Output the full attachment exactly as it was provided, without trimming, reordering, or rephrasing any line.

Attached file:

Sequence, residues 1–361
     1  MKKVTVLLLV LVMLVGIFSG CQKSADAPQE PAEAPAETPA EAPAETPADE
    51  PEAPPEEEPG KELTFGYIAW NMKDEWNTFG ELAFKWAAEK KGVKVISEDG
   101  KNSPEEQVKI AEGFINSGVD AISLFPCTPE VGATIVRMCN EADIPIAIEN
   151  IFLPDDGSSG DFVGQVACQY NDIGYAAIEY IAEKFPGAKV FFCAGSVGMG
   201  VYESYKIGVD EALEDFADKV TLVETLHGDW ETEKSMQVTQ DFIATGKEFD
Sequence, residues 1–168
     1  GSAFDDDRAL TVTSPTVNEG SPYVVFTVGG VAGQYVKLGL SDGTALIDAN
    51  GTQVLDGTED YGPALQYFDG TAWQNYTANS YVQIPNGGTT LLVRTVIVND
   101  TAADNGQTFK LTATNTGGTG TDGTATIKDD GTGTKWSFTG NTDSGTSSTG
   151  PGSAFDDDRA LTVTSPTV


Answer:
Sequence, residues 1–361
     1  MKKVTVLLLV LVMLVGIFSG CQKSADAPQE PAEAPAETPA EAPAETPADE
    51  PEAPPEEEPG KELTFGYIAW NMKDEWNTFG ELAFKWAAEK KGVKVISEDG
   101  KNSPEEQVKI AEGFINSGVD AISLFPCTPE VGATIVRMCN EADIPIAIEN
   151  IFLPDDGSSG DFVGQVACQY NDIGYAAIEY IAEKFPGAKV FFCAGSVGMG
   201  VYESYKIGVD EALEDFADKV TLVETLHGDW ETEKSMQVTQ DFIATGKEFD
Sequence, residues 1–168
     1  GSAFDDDRAL TVTSPTVNEG SPYVVFTVGG VAGQYVKLGL SDGTALIDAN
    51  GTQVLDGTED YGPALQYFDG TAWQNYTANS YVQIPNGGTT LLVRTVIVND
   101  TAADNGQTFK LTATNTGGTG TDGTATIKDD GTGTKWSFTG NTDSGTSSTG
   151  PGSAFDDDRA LTVTSPTV